Category Archives: The Beatles In Cleveland

#136 and 137 – Sunny

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#136 & 137 – Sunny by Bobby Hebb

 

Bobby Hebb

Here’s a cool story. It’s also one I don’t think is shared by too many people. In fact, I’ll go out on a limb and say no one has ever had the exact same experience, though there might be some journalists or music fans that can say something similar.

But not like this…

First of all, I can say Bobby Hebb was cool. He was also a nice guy. How do I know? Because I talked with him – not only once, but twice. And I have that bragging right only because he was nice. I’m sure there are some other artists that wouldn’t have been the same.

Sunny – 1966

Bobby Hebb is best known for his number one hit Sunny, that topped the charts in August 1966. I didn’t need to do any research to give you that fact because I’ve known it since… well, August 1966. But his story includes much more than just one song.

He had been in showbiz all his life, starting as a child dancer in Nashville at the age of three. How do I know that? Well… I had to research. But I also learned he played multiple instruments, performed at the Grand Ole Opry, sang backup for Bo Diddley and replaced the original Mickey in Mickey and Sylvia, the duo famous for the 1957 number one song, Love Is Strange. Through a mutual connection, I’ve also learned he would write a song every day for most of his life.

That’s quite a feat considering some of us have a hard time just getting out of bed every day.

Sunny scored on this Dream Song list twice – August 29 and September 23. Both times have been marked as recent memories, which is no surprise since it’s usually around mid-August every year when the song finds its way back onto my digital playlist.

There is a reason for that – which gets me back to telling my cool story.

I saw Bobby Hebb perform once. That would be cool enough. But to kick the coolness up a notch, I had the opportunity to talk with him about the concert – forty years later. And to raise that experience into the freezing coolness stratosphere – I talked with him about it twice.


The Classic Rocker is the author of The Beatles At Shea Stadium and The Beatles In Cleveland

For details, visit our Author Page on Amazon.com


In August 1966, Hebb was on the brightest concert stage in the world with the country’s number one hit song. But instead of being the headliner, he was an opening act for a band that hadn’t had a number one hit in two months and was winding down their career as a touring act.

In case you’re not a boomer or a pop music historian with immediate recognition of the significance of that month in that year, the act he was touring with was The Beatles.

I also didn’t need any research to know that, because I attended their concert in Cleveland on August 14th and watched Hebb, along with The Remains, The Cyrkle and The Ronettes set the stage for The Fab Four. And though we were there for the Beatles, I’ve always remembered Hebb’s performance. Especially when he did Sunny, and the crowd sang along. After all, it was the number one song at the time, and everyone seemed to know it.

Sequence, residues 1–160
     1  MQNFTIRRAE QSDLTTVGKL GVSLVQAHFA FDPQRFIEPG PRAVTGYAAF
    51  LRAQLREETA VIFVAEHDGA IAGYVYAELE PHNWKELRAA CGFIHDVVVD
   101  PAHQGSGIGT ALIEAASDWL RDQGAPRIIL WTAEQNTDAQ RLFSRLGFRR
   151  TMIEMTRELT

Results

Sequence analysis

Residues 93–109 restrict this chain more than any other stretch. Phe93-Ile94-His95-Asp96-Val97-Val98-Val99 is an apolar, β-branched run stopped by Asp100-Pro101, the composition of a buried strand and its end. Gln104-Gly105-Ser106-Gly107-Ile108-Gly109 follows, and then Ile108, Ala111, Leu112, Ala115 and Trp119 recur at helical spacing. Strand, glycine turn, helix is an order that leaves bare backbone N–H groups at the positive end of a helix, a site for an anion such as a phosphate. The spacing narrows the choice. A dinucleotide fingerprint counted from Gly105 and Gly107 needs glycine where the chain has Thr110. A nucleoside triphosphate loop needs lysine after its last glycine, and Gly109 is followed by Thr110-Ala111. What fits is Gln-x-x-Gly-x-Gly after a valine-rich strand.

So, can this story get any cooler? Well, it took forty years for that to happen, but it was worth the wait.

After talking about… actually, bragging about being at this show for decades, I decided to write a book called The Beatles In Cleveland. Besides including my memories, I put the word out on the internet to interview anyone personally involved with the tour or the Beatles. I started hearing from people and one connection would lead to another, and that would lead to another and eventually, I heard from Bobby’s manager. This was around 2006 and if you do the math, that makes it forty years since we had shared the same air in a large stadium near downtown Cleveland.

His manager said Bobby was available for an interview – if I was interested.

Are you kidding me? We set it up and I counted the days until our phone conversation.

Getting Bobby’s autograph!

When we finally talked, Bobby seemed more than happy to share his memories of the Beatles tour and anything he could recall about the Cleveland concert. He also remembered the bus ride following two shows in Detroit the evening before. While traveling along the Ohio Turnpike on the way to Cleveland, they stopped at a service plaza. That moment was very vague for him – and basically, he only remembered stopping and getting out of the bus to stretch his legs.

It wasn’t until later in my research I learned this rest stop happened in my hometown of Vermilion, Ohio. If my cousin, best friend and myself (we went to the concert together the next night) would’ve had advance notice, we could have jumped on our bikes for an annoying (on our part anyway) meet and greet in the parking lot where the Beatles smoked cigarettes and ate ice cream bars.

I’m thankful Bobby’s interview is in the book. The only problem is that it’s not the one I had planned. After a casual, informative, and fun conversation, I thanked him, and we hung up. Then I experienced every journalist and writer’s nightmare when it comes to doing important interviews.